Ant-Man is the Marvel Cinematic Universe (MCU) movie that nearly didn’t exist. Featuring a lesser-known Marvel hero leading his own movie, it got tripped up by the sudden departure of writer/director Edgar Wright right before filming was scheduled to begin. Yet, Marvel held fast to its promised release date, and director Peyton Reed (Bring It On), together with writer Adam McKay (Anchorman) came on board to help the film crawl to completion.
And it’s a good thing they did: Marvel’s Ant-Man is a fun diversion from all the dire “end-of-the-world” stakes we’ve seen in some of the recent Marvel movies. Starring Paul Rudd as the titular hero, Ant-Man tells the story of Scott Lang, an electrical engineer turned burglar who’s trying to get his life back on track. Meanwhile, the original Ant-Man, Hank Pym (Michael Douglas), has kept his Pym particles secret for years after worrying that they would land in the wrong hands, but now his protege Darren Cross (Corey Stoll) is close to a breakthrough. With Cross about to sell his Yellowjacket technology to the highest bidder (no prize for guessing who), Hank and Scott, together with Hank’s daughter Hope van Dyne (Evangeline Lilly) will have to find a way to stop Cross.
Ant-Man works well as a straightforward heist movie – find a way to infiltrate Darren Cross’ lab, steal the suit, go home (which, well, isn’t quite the plot of this movie). Heist movies when well executed are a delight to experience, and Ant-Man manages that well, despite the additional superhero elements – things only blow up if heists go awry, after all.
But what makes the movie special is the humour behind it – the most memorable parts of the movie are the funny bits, and while it’s fun to guess which was an Edgar Wright invention and what Reed and McKay added to the plate (you might be wrong – I was), the tone of the humour is consistent throughout without resorting to slapstick or bawdy jokes. Special kudos go out to Michael Pena: His character, Luis, is one of Scott’s bumbling sidekicks, and he truly steals the show – twice! – you’ll know it when you see it.
Rudd himself is no slouch either – his everyman appeal makes the movie work. Michael Douglas adds a bit of class to the proceedings too, and Evangeline Lilly brings a nice steely edge, but this is Rudd’s film through and through.
The action sequences are also wonderful to behold. From fist fights to battles at the microscopic level, it’s great to see the action take place from all angles. Fighting at various sizes opens up the possibilities, and there definitely are some great sequences worth revisiting. To top it off, the Ant-Man costume looks great in action, and there are some great sequences that might tickle the noggin of ant enthusiasts.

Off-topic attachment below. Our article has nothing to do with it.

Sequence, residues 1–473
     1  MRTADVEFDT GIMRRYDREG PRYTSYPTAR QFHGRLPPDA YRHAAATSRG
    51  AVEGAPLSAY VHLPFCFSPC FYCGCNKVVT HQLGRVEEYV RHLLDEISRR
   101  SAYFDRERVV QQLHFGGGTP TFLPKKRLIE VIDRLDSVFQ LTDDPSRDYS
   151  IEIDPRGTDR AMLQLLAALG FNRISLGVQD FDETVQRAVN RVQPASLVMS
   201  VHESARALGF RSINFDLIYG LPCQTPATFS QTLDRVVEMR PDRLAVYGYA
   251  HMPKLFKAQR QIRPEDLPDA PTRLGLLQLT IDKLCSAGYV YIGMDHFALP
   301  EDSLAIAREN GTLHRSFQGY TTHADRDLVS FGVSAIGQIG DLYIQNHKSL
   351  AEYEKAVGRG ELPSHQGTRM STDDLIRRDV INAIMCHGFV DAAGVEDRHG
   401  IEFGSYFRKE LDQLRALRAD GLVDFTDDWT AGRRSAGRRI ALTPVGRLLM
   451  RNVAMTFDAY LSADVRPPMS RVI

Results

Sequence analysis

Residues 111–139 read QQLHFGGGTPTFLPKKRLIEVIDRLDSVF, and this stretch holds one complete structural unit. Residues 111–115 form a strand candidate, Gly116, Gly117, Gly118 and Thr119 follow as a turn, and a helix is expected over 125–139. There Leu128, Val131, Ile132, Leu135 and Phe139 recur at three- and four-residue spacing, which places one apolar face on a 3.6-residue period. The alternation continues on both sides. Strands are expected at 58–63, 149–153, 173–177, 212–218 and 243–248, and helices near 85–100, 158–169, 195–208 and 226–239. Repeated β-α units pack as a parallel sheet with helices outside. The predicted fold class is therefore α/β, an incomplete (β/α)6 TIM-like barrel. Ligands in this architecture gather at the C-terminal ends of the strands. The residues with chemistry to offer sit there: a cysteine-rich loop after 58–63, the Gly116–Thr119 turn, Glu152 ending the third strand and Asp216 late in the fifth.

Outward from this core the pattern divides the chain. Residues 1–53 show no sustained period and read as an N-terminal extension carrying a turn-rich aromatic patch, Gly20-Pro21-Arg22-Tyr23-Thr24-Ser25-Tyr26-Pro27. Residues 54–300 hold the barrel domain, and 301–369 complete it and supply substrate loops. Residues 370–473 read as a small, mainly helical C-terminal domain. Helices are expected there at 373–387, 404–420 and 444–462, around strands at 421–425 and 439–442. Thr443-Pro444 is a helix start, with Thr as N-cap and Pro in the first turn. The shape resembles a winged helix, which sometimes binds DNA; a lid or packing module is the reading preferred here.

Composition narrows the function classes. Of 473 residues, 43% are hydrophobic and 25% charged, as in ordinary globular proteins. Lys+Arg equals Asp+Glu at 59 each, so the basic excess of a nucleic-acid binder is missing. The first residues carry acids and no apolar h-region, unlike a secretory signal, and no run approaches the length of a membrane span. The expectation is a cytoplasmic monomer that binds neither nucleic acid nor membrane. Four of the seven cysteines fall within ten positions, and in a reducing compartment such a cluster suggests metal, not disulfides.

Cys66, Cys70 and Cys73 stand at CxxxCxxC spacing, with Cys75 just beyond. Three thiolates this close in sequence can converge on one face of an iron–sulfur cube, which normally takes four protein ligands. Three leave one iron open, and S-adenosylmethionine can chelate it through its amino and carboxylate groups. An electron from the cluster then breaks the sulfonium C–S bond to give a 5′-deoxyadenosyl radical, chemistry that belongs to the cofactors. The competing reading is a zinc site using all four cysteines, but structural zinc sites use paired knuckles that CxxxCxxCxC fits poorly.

Still, compared to the other recent Marvel movies, here the stakes are smaller, more intimate – “ant-sized” even. At risk is the father-daughter relationship, between Hank and Hope, and between Scott and his own. But without the easy “end-of-the-world” scenario for audiences to latch on to, these relationships don’t actually feel threatened, especially with Cross being more crazy than criminal mastermind (despite a good reason for this).
That’s not to say that the movie doesn’t have heart – Hank telling Hope the story of her mother, Janet van Dyne, is a powerful moment (moreso if you’re a geek) – but there just seems to lack that extra touch that drives people to become heroes. This means that Ant-Man is a pleasant, enjoyable time, sure, but the movie does run the risk of being somewhat forgettable compared to, say, Guardians Of The Galaxy.
Between the humour and the action, Ant-Man moves at a brisk pace, mostly free from the need for exposition. Still, some scenes do stick out like a sore thumb – basically those which call the wider Marvel universe into focus. On the grand scheme of things it’s a great set up (meaning we should see more of Paul Rudd before long), and it does add a new dimension to the MCU mythos, but it’s still a pity that Ant-Man wasn’t allowed find his stature as a hero before partaking in the larger MCU.
Nonetheless, Ant-Man is a wholly enjoyable movie that’s perfect for the family. The movie might always have a “What If?” hanging over it thanks to Wright’s depature, but Reed and gang have done a great job. A lot of this is thanks to the humour sprinkled heavily throughout, together with Rudd’s likeability in the role. As we await Ant-Man’s homecoming to the Avenger’s rank and file – and maybe one day, The Wasp – the movie works as a nice little palette cleanser before the MCU gets torn up with Civil War.
And yes, do stay for two scenes during the end credits – and also keep an eye out for easter eggs during the movie.